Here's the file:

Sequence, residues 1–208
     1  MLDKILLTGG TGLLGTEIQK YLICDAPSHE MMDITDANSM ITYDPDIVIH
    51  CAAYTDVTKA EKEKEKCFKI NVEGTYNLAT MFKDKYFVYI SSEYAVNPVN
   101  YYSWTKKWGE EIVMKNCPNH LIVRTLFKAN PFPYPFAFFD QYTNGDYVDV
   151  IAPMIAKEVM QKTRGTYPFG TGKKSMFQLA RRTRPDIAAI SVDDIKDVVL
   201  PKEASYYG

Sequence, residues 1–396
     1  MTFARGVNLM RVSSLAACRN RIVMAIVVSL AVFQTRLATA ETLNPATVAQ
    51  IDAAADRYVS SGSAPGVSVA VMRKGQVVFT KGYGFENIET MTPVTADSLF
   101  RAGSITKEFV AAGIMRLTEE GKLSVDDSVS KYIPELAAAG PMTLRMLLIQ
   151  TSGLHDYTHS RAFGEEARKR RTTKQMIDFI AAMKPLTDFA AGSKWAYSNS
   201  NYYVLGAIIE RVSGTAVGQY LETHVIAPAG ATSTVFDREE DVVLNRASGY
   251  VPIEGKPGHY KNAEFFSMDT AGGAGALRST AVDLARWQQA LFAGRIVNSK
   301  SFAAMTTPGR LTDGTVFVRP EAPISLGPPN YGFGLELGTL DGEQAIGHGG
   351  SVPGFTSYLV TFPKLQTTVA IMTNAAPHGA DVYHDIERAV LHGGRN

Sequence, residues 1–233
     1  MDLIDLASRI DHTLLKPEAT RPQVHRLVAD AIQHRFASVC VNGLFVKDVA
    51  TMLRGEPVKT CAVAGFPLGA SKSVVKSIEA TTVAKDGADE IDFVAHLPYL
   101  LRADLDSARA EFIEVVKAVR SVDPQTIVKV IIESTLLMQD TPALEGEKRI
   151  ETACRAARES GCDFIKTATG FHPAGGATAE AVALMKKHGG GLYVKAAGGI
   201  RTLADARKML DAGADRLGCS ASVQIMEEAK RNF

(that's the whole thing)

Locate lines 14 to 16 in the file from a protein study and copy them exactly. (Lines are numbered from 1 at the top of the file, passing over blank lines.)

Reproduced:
   301  SFAAMTTPGR LTDGTVFVRP EAPISLGPPN YGFGLELGTL DGEQAIGHGG
   351  SVPGFTSYLV TFPKLQTTVA IMTNAAPHGA DVYHDIERAV LHGGRN

Sequence, residues 1–233